Published on September 9th, 2011 | by Andrew3
DOE Supports Project to Cut Silicon Solar PV Wafer Costs 50%
Energy Secretary Steven Chu had a crowded slate Thursday as the DOE announced a series of clean energy financing initiatives aimed at spurring commercial development and job creation spanning solar power, offshore wind power, hydropower, geothermal power and electric vehicles (EV).
Aiming to drive down costs and make the US solar power industry more competitive, Secretary Chu finalized a conditional $150 million loan guarantee that will enable Lexington, Massachusetts’ 1366 Technologies to continue developing its multicrystalline Direct Wafer solar photovoltaic (PV) manufacturing project.
The Direct Wafer process holds the promise of producing approximately 700- to 1,000 megawatts (MW) of silicon-based wafers annually, reducing manufacturing costs by 50% and thereby significantly enhancing the competitiveness of a US company to compete globally against countries whose governments are aggressively supporting solar power industry development.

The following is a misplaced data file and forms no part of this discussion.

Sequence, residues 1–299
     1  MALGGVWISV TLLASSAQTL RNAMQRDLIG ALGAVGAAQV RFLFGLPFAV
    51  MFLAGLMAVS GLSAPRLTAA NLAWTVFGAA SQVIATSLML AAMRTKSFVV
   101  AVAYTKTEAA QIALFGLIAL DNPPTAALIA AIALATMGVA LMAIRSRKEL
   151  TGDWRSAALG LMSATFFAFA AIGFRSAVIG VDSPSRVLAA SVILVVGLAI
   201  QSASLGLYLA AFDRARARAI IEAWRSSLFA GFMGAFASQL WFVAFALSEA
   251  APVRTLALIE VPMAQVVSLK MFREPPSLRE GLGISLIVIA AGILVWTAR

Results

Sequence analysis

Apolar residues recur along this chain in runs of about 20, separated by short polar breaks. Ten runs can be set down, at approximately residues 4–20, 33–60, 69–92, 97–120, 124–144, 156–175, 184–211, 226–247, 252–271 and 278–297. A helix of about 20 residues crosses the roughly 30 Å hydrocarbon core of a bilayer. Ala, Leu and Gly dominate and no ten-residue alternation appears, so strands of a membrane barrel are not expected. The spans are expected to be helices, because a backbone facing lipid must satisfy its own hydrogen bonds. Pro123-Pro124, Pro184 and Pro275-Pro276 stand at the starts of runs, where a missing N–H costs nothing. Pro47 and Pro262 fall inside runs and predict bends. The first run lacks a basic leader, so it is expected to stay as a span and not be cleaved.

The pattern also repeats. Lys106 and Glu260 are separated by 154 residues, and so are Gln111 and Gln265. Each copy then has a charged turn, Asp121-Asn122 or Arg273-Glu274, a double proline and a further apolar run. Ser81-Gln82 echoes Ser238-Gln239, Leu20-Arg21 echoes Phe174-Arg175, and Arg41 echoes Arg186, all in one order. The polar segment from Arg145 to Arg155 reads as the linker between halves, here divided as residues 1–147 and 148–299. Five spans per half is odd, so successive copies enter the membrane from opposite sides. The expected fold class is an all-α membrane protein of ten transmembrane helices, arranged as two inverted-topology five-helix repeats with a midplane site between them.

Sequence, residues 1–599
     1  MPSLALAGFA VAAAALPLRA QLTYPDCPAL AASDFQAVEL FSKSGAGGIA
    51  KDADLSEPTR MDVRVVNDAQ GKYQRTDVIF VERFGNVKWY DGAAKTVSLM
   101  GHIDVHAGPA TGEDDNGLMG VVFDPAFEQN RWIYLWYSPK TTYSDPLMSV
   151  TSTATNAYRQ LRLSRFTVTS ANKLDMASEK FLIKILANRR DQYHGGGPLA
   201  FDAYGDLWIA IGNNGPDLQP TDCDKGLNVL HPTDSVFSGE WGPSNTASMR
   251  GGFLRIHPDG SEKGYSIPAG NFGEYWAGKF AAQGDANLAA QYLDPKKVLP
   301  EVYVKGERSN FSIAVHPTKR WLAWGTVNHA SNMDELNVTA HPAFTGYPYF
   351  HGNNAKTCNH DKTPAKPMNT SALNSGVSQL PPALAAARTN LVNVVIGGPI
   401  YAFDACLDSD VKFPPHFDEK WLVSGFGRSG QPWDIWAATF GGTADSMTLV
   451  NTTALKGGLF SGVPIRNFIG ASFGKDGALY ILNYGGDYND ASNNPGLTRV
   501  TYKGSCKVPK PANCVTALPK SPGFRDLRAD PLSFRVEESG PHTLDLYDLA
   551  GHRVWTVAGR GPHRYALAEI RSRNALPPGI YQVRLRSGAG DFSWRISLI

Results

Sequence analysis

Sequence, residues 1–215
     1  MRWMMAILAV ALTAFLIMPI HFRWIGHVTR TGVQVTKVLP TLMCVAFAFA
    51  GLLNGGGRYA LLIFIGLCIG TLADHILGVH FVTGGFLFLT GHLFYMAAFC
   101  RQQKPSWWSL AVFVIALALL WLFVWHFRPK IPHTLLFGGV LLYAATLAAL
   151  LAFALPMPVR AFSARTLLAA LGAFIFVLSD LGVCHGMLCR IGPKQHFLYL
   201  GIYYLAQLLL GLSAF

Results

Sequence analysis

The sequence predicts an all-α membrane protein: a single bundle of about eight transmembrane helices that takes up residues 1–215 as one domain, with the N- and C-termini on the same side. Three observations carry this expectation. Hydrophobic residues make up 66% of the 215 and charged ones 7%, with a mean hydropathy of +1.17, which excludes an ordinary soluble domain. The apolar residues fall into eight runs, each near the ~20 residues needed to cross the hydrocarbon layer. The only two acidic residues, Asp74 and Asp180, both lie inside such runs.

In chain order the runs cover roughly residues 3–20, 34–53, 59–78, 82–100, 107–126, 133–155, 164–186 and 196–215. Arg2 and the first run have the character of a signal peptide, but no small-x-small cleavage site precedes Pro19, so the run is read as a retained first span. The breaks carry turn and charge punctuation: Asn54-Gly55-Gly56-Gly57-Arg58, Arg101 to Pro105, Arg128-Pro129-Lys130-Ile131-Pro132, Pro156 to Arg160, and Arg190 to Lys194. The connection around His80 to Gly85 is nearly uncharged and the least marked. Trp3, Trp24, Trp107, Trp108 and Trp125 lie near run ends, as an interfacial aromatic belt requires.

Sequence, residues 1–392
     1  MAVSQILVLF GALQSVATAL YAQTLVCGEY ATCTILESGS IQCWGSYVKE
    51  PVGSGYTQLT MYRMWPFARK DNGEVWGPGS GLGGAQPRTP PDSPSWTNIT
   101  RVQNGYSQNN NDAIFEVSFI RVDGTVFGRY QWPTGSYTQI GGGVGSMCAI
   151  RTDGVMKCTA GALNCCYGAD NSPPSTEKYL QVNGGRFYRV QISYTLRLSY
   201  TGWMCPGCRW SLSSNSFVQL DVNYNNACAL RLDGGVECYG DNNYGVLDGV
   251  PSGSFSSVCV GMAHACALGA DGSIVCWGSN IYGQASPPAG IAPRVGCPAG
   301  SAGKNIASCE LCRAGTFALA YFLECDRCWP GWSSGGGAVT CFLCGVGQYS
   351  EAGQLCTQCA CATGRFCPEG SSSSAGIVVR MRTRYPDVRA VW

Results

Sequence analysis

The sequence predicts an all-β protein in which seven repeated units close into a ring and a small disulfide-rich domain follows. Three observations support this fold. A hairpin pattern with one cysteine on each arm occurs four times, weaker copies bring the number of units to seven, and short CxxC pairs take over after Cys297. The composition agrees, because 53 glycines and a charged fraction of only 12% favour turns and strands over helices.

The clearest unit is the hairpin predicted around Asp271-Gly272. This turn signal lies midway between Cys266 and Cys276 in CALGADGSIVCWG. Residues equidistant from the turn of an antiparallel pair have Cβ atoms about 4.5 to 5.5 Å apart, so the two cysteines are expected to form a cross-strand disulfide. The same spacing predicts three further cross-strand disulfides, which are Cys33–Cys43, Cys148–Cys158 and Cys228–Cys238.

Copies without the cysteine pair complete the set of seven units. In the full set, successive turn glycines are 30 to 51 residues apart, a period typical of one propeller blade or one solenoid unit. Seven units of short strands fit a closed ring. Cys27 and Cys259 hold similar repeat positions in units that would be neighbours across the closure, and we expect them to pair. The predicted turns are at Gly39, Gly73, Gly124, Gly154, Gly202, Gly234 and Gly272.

Phase I of the project is expected to create 70 permanent and 50 constructions jobs at the Lexington, Mass. project site. 1366 Technologies is evaluating potential locations for a second site at present., which management expects will result in creating hundreds more jobs.
“This project is a good example of how investments in American innovation can create jobs and make our manufacturing industry more competitive,” said Secretary Chu. “This type of pioneering technology is needed to compete and thrive in the global race for solar manufacturing, a market worth billions of dollars and tens of thousands of jobs in the years ahead.”
The Direct Wafer manufacturing process reduces four separate manufacturing steps into “a single, low-cost continuous process and greatly reduces silicon waster by forming individual wafers directly from a bath of molten silicon,” the DOE news release explains. Frozen inside the Direct Wafer furnace, a thin sheet of silicon is then removed and trimmed by laser to size.
The entire wafer production process is completed in just 25 seconds. Conventional batch processing methods require up to three days. The Direct Wafer process also reduces energy consumption by 90% while producing an industry-standard silicon wafer that can be used by multicrystalline solar power cell manufacturers.
A $4 million grant from the DOE’s Advanced Research Projects Agency and a $3 million grant from its Office of Energy Efficiency and Renewable Energy funded 1366′s original Direct Wafer development work.